Bachelor of Arts in Ministry

Bachelor of arts in ministry

The Bachelor of Arts in Ministry program is designed to prepare leaders with little or no prior theological training to provide pastoral leadership for a congregation. It prepares students for diaconal or other non-ordained ministries within the church and can be used as a route to ordained ministry, pre-seminary training, or graduate theological studies. This program provides a general overview of theology and skills for congregational and other ministry contexts.

Program Overview

Zero Student Debt

Our goal is for every student to graduate with no debt. Our donor-sponsored financial assistance makes that possible.
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Total: $0.00


$400 per Credit Hour
*Tuition cost is subject to change. Additional costs may apply.

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Total: $48,000


42 courses in biblical theology, historical and systematic theology, ethics, philosophy and religion, and ministry training.

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Total: 120 Credits

Expected Timeline

Full-time students can finish this degree in 4 years and part-time students can take up to 6 years.

Total: 4-6 Years

*Additional costs may apply. (Application fee, books, costs associated with researching and producing the independent projects or the final project or thesis, etc.) are also the responsibility of the participant.

Course RequirementsCredit Hours
General Studies: A Total of 30 Credits from the Following Subjects:
Communications6 Credits
Humanities/Fine Arts12 Credits 
Natural Science/Mathematics6 Credits
Social/Behavioral Sciences6 Credits
Bible/Theology General Studies: A Total of 30 Credits from the Following Subjects:
Biblical Theology (BT) 21 Credits
Historical and Systematic Theology (HST)9 Credits
Choose One (1) Emphasis within the Ministry Major from the Following: A Total of 42 Credits
Bible42 Credits
Ministry Practice42 Credits
Theology42 Credits
Ministry Skills: A Total of 18 Credits from the Following:
One Concentration Plus Three (3) Electives18 Credits

*All work must be in the student’s field of study.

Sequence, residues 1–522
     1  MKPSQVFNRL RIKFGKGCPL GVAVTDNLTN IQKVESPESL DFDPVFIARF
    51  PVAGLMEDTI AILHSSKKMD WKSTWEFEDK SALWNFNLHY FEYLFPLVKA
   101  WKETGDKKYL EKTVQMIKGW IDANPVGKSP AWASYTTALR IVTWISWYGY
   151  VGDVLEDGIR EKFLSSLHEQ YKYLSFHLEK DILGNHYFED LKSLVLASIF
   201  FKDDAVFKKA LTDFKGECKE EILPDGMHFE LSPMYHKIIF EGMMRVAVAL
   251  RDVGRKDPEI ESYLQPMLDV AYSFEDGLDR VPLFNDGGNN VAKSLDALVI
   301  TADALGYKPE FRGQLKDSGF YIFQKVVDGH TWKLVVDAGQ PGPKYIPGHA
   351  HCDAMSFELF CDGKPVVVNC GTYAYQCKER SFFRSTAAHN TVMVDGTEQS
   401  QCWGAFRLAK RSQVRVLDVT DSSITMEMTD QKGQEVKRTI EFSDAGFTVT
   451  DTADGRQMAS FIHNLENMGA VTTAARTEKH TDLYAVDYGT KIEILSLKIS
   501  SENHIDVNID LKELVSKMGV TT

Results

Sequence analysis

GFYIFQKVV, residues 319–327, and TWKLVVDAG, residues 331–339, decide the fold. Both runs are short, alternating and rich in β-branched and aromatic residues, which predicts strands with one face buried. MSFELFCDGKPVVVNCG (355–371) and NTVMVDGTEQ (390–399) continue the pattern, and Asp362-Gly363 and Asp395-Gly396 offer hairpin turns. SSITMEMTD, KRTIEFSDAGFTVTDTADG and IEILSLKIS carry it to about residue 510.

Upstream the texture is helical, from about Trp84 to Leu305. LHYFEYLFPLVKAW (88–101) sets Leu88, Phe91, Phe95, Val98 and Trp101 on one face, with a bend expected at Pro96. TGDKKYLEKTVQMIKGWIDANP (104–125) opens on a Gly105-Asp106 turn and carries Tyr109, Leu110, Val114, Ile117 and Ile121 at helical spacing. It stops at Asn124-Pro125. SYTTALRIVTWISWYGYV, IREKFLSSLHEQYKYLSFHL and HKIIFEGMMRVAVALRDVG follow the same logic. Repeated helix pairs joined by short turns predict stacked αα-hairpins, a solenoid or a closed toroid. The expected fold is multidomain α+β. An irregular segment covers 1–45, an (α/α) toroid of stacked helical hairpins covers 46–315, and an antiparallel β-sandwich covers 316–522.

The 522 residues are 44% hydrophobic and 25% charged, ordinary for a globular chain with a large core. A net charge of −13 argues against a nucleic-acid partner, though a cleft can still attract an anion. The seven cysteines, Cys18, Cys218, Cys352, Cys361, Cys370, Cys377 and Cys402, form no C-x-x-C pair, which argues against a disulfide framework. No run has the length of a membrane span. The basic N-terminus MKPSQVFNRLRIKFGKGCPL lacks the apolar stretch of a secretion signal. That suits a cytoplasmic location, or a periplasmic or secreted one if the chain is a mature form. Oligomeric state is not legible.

General Studies (30 Credits)

Communications (6 Credits):

      • COM 101: Academic Research & Writing
      • COM 102: Introduction to Communications

Humanities/Fine Arts (12 Credits):

At least two (2) courses from:

      • CLS 111-2: Latin I, II
      • CLS 121-2: Classical Greek I, II
      • BT 201-3: Biblical Greek I, II, III
      • BT 211-2: Biblical Hebrew I, II
      • PHL 101-2: Logic I, II

At least two (2) courses from:

      • LIT 201-2: World Literature I, II
      • HIS 211-2: History of Western Civilization I, II
      • PHL 210-1: Intro to Western Philosophy I, II
      • PHL 221: Intro to Eastern Philosophy
      • REL 231: Intro to World Religions

Natural Science/Mathematics (6 Credits):

      • MTH 131: Foundations of Mathematics (Required)
      • MTH 231: College Geometry
      • SCI 221: Intro to Natural Science
      • SCI 222: Intro to Physics

Social/Behavioral Sciences (6 Credits):

      • PSY 261: Intro to Psychology
      • SOC 251: Cultural Anthropology
      • SOC 271: Intro to Sociology
      • SOC 281: Intro to Political Science/Civics

Bible/Theology General Requirements (30 Credits)

Biblical Theology (21 Credits):

      • BT 221: Principles of Biblical Interpretation
      • BT 311: Introduction to the Old Testament Theology and History
      • BT 321: Introduction to New Testament Theology and History
      • BT 351: Life of Moses
      • BT 352: Life of David
      • BT 353: Life of Jesus
      • BT 354: Life of Paul

Historical and Systematic Theology (9 Credits):

      • HST 201: Systematic Theology
      • HST 321: Luther and His Catechisms
      • HST 331: Lutheran Reformers and the Book of Concord

Ministry Major (42 Credits)


Biblical Theology:

      • BT 201-2: Biblical Greek I, II
      • BT 211: Biblical Hebrew I
      • ​9 Credits Elective

Philosophical Theology and Ethics:

      • PTE 241: Christian Apologetics
      • ​9 Credits Elective

Historical and Systematic Theology:

      • HST 301: History of the Early Christian Church
      • HST 302: History of the Medieval and Reformation Christian Church
      • HST 303: History of the Post Reformation Christian Church
      • ​3 Credits Elective

Ministry Practice

Biblical Theology:

      • 9 Credits Elective

Philosophical Theology and Ethics:

      • PTE 241: Christian Apologetics
      • 6 Credits Elective

​Historical and Systematic Theology:

      • HST 301: History of the Early Christian Church
      • HST 302: History of the Medieval and Reformation Christian Church
      • HST 303: History of the Post Reformation Christian Church
      • 6 Credits Elective


Philosophical Theology and Ethics:

      • PTE 241: Christian Apologetics
      • HUM 201: Intro to Logic
      • HUM 210-11: Intro to Western Philosophy I, II
      • PTE 302:Christian Sexual Ethics
      • PTE 401: Introduction to Philosophical Theology
      • 3 Credits Electives

​Historical and Systematic Theology:

      • HST 301: History of the Early Christian Church
      • HST 302: History of the Medieval and Reformation Christian Church
      • HST 303: History of the Post Reformation Christian Church
      • HST 401: Religious Movements in North America
      • HST 411: Systematic Theology II
      • 6 Credits Elective

Ministry Skills:

Concentration in Pastoral Ministry:

  • PT 401: Pastoral Care
  • PT 411: Lutheran Worship
  • PT 421 Proclaiming God’s Word